Developing HR strategy: In line with customer needs

In our fourth article on the central planks of HR strategy, Keith Rodgers
looks at the four key issues HR has to face when dealing with organisational
design

Although much management theory about organisational structure is rooted in
the distant past, the emergence of the internet as a credible business
communications platform gave the subject far greater prominence in the 1990s.

Words such as ‘agility’ and ‘collaboration’ began to creep into the
mainstream corporate lexicon, and while they have been open to different interpretation,
the central message has been consistent. Organisational design – and in
particular, the ability of companies to react to changing customer demand – is
a major factor in building effective businesses.

For the HR function, this focus on structure presents both opportunities and
major headaches. Given how significantly structural change impacts individual
jobs, responsibilities and working practices, HR’s role in the change
management process is central.

1 Turning theory into practice

The first truism about organisational design is that the customer comes
first – not just in terms of paying lip service to a fluffy idea, but in
structural reality. It used to be sufficient for companies to organise
themselves around product sets – a bank, for example, might have separate
departments handling its different lending products, each treating the same
individual customer as a different entity.

Today, high-performing organisations aim to pool customer data and build a
‘single view’ of each client. In part, the aim is to improve customer service –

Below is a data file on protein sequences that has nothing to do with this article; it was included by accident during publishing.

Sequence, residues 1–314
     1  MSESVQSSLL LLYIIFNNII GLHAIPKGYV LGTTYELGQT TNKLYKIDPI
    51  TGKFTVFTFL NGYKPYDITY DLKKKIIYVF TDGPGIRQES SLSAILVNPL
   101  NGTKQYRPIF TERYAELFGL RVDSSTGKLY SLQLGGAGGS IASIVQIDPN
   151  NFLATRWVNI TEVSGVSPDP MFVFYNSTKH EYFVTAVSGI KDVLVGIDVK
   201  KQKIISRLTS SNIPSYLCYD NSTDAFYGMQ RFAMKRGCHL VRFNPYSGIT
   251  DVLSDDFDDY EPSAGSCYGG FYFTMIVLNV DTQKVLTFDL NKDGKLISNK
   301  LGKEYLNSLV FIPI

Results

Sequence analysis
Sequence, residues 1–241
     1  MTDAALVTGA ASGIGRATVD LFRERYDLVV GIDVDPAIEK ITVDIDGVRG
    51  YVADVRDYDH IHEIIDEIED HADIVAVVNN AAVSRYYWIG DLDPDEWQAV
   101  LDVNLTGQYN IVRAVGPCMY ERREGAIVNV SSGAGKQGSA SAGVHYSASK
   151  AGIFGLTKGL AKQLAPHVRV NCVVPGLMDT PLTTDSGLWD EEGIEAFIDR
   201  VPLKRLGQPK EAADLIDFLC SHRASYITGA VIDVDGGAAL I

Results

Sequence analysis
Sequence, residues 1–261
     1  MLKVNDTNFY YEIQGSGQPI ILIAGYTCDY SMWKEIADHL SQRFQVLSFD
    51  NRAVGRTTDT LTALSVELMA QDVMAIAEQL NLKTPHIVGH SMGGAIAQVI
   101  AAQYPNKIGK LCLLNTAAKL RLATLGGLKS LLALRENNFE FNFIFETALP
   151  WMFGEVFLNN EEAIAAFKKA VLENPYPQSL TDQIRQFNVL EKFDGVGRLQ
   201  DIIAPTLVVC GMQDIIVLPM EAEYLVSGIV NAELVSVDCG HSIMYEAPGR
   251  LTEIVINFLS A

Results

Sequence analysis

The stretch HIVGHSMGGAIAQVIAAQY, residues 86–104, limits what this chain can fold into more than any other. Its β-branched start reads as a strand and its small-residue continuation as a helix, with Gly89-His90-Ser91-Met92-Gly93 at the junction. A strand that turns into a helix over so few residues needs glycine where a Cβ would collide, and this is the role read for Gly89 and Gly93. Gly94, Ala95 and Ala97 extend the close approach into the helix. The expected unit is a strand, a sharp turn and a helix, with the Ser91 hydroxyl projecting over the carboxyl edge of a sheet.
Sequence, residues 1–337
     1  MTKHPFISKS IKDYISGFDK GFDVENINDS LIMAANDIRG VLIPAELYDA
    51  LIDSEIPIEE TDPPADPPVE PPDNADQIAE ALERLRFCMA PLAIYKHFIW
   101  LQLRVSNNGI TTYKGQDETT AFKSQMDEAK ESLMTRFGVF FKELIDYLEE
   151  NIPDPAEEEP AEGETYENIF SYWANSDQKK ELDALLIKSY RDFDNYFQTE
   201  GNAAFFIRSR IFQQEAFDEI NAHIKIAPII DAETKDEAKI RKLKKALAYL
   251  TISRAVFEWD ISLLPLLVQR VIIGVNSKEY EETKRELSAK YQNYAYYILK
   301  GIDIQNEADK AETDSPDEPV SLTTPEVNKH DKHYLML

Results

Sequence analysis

it clearly helps when each department knows what the others are doing. But just
as important, this approach lets companies build a full profile of customer
behaviour and spot opportunities for cross-selling.

However, while this customer-centric philosophy is excellent in theory, in
practice it is difficult to execute. Most organisations have evolved into a
series of inward-looking ‘silos’ that might work efficiently in their own
right, but rarely work well together because they tend to pursue departmental
goals without looking at the wider picture. A manufacturing plant, for example,
may carry on pursuing its production quota despite sales slowing and inventory
piling up.

The key to overcoming this kind of problem is to think in terms of
end-to-end processes rather than a series of departmental silos. These
processes start and end with the customer, beginning with demand forecasting
and ending with the supply of goods and ongoing customer service. It doesn’t matter
whether the organisation is selling physical goods or providing services – its
departments need to be aligned to meet customer goals.

2 Analysing the existing structure

To carry out this kind of structural change, organisations first need to
understand how effectively they currently operate and where the bottlenecks
are. In many cases, those problems will be glaringly obvious, particularly to
the HR department, which plays a central role in monitoring individual
performance and is privy to complaints about performance inhibitors. Typically,
structural problems will centre on issues such as:

– Lack of clarity in responsibilities, which often leads to managers blaming
one another for problems

– Conflicting goals within and between departments

– Resource shortages, or conversely, over-capacity

These issues need to be analysed in the context of corporate objectives –
there is not much point in HR arguing for resource investment in a department
that’s being wound down, for example. They also need to take account of market
needs. Some inefficiencies may be a result of geographical necessity (such as
the location of retail stores), while others may be dictated by the demands of
powerful trading partners. There is no ‘right’ structure – what works best for one
organisation might be unworkable for another.

3 How does HR influence change?

Although structural change can bring enormous challenges, HR can take